Alexander Fink

Assistant Professor, Faculty Director, Sabo Center

CB 51

Learning should be fun, meaningful, and co-created with learners (students). Spaces for learning should embody the practices and places we hope to create in our professional work. For me, this means valuing life experiences and practice wisdom, trying on co-determination, committing to practicing anti-racism and anti-colonialism in ways of gathering, talking, and working, and a steadfast ethos of care, inter-dependency, and community. It is premised, as much as possible in institutional forms of education or social work practice, on an ethic of invitation: what kind of world do we want to create as we gather in this moment? How do you want to be part of it?


Ph.D. University of Minnesota, Social Work and Youth Studies

MSW University of Minnesota, Social Work

B.A. University of Minnesota, Cultural Studies and Philosophy


  • Human Behavior and the Social Environment
  • Field Seminar
  • Social Work Research and Evaluation
  • Social Work and Environmental Justice

Prior to Fall 2022 – Undergraduate and graduate courses at the University of Minnesota in leadership development, youth development and youth studies, and instructional development.

Research Interests

My research agenda is learning, creating, using, and teaching strategies to build communally owned, just, and sustainable futures. My particular focus at present is on the political economy and ecology of data, including data collection, data use, data access/sharing, data economics and infrastructures, and the ideologies surrounding it. I am currently working on the use of data in nonprofits and the role of data intermediaries. This practice, and thus also my research and teaching, occur at the intersections of participatory research methods, youth leadership development, the history of social movements, and technology.


    • Youth Participatory and Youth-Led Research & Program Evaluation, Youth Power
    • Community Informatics and Infrastructure, Data and Design Justice,
    • Learning (Active, Experiential, Adaptive, Emergent), Youth Studies & Youth Work,
    • Organizational & Leadership Development, Peer Production.

Peer-Reviewed Publications

Fink, A. (2024). Data cooperative. Internet Policy Review, 13(2).

Fink, A. (2024). Leadership to what end? Connecting our practice to broader movements. New Directions in Student Leadership, 181, 21-30.

Werner, L. & Fink, A. (2024). The classroom as laboratory: A theoretical grounding of the Intentional Emergence framework for leadership development. New Directions in Student Leadership, 181, 41-52.

Fink, A., Habtamu, B., Kunkel-Linares, A., Pence, M., Woller, K., & Alexander, I. (2024). Everybody teach! Upending traditional disciplinary curriculum to create co-taught, praxis-based, higher education courses. In H.M.A. Williams, H. Huskić, & Noto, C.M. (Eds.), Disrupting Hierarchy in Education: Students and Teachers Collaborating for Social Change. Teachers College Press.

VeLure Roholt, R.., Fink, A., & Ahmed, M. M. (2023). The Learning Partner: Dialogic approaches to monitoring and evaluation in international social development. Knowledge Management for Development Journal, 17(1/2).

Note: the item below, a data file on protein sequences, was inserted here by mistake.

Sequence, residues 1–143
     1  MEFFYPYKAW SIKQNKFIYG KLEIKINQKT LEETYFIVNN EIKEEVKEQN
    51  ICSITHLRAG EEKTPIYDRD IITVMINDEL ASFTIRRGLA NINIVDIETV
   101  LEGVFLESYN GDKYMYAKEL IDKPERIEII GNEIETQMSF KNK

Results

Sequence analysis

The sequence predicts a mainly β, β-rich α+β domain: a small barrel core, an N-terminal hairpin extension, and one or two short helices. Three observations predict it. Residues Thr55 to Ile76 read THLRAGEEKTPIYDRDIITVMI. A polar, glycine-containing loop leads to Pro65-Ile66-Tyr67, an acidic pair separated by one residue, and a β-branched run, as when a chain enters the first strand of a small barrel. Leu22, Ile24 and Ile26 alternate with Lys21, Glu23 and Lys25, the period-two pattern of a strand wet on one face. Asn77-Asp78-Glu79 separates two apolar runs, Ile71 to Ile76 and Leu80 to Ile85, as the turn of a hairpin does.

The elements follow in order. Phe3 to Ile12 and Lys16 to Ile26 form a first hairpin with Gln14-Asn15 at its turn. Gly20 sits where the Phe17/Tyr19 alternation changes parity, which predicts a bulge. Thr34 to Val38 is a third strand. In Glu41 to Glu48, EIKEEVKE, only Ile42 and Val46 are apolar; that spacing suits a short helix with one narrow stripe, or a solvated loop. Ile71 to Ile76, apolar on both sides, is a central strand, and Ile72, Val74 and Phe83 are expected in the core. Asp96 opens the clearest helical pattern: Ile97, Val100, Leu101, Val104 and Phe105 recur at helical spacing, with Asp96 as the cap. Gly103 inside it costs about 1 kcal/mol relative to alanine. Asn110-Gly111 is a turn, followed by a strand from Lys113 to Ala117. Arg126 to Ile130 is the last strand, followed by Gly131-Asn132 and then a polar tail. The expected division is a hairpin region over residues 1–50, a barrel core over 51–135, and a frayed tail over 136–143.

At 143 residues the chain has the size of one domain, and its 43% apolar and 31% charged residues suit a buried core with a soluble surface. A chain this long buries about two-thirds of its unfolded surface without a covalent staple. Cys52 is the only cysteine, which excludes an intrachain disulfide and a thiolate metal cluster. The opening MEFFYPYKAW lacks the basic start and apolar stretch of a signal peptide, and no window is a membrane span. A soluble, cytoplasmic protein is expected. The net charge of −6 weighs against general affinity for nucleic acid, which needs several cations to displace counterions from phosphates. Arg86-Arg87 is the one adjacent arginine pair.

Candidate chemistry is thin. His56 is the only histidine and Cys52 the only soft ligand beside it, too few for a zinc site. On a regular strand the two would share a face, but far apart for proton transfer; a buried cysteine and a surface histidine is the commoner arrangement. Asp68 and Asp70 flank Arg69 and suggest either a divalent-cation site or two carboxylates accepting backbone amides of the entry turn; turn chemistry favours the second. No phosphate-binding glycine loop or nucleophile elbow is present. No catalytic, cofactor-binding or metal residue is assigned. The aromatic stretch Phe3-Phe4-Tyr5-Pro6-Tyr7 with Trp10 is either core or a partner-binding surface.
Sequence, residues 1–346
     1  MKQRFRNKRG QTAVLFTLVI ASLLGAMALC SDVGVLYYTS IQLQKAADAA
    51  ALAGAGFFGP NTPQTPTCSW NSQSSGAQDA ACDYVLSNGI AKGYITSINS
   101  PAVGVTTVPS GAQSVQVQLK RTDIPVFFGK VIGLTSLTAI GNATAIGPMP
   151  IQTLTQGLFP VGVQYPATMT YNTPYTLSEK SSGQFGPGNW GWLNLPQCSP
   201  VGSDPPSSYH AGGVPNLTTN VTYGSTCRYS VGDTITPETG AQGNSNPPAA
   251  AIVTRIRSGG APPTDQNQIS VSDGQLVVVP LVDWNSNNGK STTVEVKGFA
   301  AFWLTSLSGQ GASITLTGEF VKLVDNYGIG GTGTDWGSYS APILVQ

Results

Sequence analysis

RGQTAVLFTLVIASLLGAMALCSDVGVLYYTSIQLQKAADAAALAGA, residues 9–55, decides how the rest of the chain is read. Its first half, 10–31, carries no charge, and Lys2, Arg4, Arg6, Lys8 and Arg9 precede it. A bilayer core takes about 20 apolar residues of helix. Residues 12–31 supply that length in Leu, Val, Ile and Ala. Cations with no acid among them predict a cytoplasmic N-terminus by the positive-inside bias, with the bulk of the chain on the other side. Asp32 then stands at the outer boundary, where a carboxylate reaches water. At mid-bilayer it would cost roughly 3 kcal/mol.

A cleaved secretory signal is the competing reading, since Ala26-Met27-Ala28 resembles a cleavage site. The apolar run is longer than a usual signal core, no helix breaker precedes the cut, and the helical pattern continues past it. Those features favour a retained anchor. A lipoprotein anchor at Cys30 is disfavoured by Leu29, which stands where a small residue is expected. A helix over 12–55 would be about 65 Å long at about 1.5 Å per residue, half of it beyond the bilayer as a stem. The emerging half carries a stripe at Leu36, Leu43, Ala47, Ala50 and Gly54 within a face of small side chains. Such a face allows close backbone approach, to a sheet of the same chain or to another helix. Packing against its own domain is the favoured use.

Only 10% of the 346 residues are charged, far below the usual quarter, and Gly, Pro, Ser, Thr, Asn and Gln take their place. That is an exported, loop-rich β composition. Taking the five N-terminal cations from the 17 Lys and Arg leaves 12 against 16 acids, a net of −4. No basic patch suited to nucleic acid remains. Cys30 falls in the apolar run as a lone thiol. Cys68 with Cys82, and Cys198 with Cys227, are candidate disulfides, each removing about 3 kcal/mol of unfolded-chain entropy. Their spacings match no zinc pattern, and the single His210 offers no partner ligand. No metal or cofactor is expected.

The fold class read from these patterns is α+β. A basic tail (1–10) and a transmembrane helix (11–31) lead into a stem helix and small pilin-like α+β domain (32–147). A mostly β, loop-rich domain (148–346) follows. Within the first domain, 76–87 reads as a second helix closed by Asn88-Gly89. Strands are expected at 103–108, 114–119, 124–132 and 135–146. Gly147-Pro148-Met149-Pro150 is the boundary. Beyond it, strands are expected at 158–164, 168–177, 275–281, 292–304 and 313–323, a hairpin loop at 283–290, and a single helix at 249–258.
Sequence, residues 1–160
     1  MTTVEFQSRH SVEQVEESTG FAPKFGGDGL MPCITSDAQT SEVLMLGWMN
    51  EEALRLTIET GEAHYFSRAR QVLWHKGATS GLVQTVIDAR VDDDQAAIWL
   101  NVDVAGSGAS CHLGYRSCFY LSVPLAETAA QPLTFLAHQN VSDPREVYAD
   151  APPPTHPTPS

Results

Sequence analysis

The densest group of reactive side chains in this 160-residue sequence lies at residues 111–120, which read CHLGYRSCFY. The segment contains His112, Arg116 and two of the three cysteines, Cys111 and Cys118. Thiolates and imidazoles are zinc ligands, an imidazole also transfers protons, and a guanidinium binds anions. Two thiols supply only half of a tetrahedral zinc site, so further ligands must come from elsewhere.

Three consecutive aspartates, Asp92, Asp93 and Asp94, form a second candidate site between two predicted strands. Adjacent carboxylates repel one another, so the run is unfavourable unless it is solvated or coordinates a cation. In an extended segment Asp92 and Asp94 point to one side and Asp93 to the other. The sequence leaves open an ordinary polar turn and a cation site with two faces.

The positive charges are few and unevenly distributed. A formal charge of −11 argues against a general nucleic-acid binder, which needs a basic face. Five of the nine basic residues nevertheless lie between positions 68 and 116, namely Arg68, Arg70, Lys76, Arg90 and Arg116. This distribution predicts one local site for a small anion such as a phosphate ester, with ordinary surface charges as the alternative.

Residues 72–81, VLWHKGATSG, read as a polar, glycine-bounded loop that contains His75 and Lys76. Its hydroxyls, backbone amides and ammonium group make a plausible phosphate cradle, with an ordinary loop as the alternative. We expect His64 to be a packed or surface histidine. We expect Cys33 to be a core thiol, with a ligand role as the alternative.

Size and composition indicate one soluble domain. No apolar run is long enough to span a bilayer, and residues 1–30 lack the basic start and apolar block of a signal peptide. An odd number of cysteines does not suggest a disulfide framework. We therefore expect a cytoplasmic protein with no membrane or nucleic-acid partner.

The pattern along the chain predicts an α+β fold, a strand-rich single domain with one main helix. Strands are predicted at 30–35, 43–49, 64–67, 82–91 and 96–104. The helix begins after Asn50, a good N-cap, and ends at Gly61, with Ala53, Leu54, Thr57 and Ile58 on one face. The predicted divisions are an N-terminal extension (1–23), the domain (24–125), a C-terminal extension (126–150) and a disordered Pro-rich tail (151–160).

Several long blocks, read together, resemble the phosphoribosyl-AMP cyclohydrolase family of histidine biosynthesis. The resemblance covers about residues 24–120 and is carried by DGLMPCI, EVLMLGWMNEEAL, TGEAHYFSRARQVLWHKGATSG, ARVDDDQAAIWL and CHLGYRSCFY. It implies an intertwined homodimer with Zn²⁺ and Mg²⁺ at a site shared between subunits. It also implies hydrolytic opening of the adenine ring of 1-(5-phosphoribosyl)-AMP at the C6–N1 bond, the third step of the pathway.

Fink, A., & VeLure Roholt, R. (2022). Emerging tensions in data work: Staff and youth perspectives in youth-serving organizations. Social Service Review, 96(4), 617-654.

Fink, A., & VeLure Roholt, R. (2022). Surfacing Human Service Organizations’ Data Use Practices: Toward a Critical Performance Measurement Framework. The Journal of Community Informatics, 18.

Fink, A., & Brito, M. (2020). Real Big Data: How We Know Who We Know in Youth Work. Child & Youth Services, 1–29.

Alexander, I. D., & Fink, A. (2018). Designing an inclusive intercultural online participatory seminar for higher education teachers and professionals. In N. B. Dohn, S. Cranmer, J. Sime, M. de Laat, & T. Ryberg (Eds.), Networked Learning: Research in Networked Learning (pp. 125–148). Springer International Publishing.

Fink, A. (2018). Bigger data, less wisdom: The need for more inclusive collective intelligence in social service provision. AI & Society, 33(1), 61–70.

Fink, A. (2015). We Don’t Want a Teacher: Using the Past to Offer Fresh Eyes to Contemporary Practice. Child & Youth Services, 36(1), 56–78.

Wildermuth, C. de-M.-S.-. M., Smith-Bright, E., Noll-Wilson, S., & Fink, A. (2015). Walking the Razor?’s Edge: Risks and Rewards for Students and Faculty adopting Case in Point Teaching and Learning Approaches. Journal of Leadership Education, 14(2), 30–50.

Baizerman, M., Roholt, R. V. . V., & Fink, A. (2014). Evaluation Advisory Groups. Research on Social Work Practice, 24(2), 186–187.

Brito, M., Fink, A., Friend, C., Heidebrink-Bruno, A., Moe, R., Shaffer, K., Robin, V., & Wharton, R. (2014). Love in the Time of Peer Review. Hybrid Pedagogy. time-peer-review/

Soria, K., Fink, A., Lepkowski, C., & Snyder, L. (2013). Undergraduate Student Leadership and Social Change. Journal of College and Character, 14(3).

Soria, K., Nobbe, J., & Fink, A. (2013). Examining the Intersections between Undergraduates’ Engagement in Community Service and Development of Socially Responsible Leadership. Journal of Leadership Education, 12(1), 117–139.

Brito, M., & Fink, A. (2013). Learning from early childhood education—Higher ed and the process of becoming. Hybrid Pedagogy.

Baizerman, M. L., Fink, A., & VeLure Roholt, R. (2012). From consilium to advice: A review of the evaluation and related literature on advisory structures and processes. New Directions for Evaluation, 2012(136), 5–29.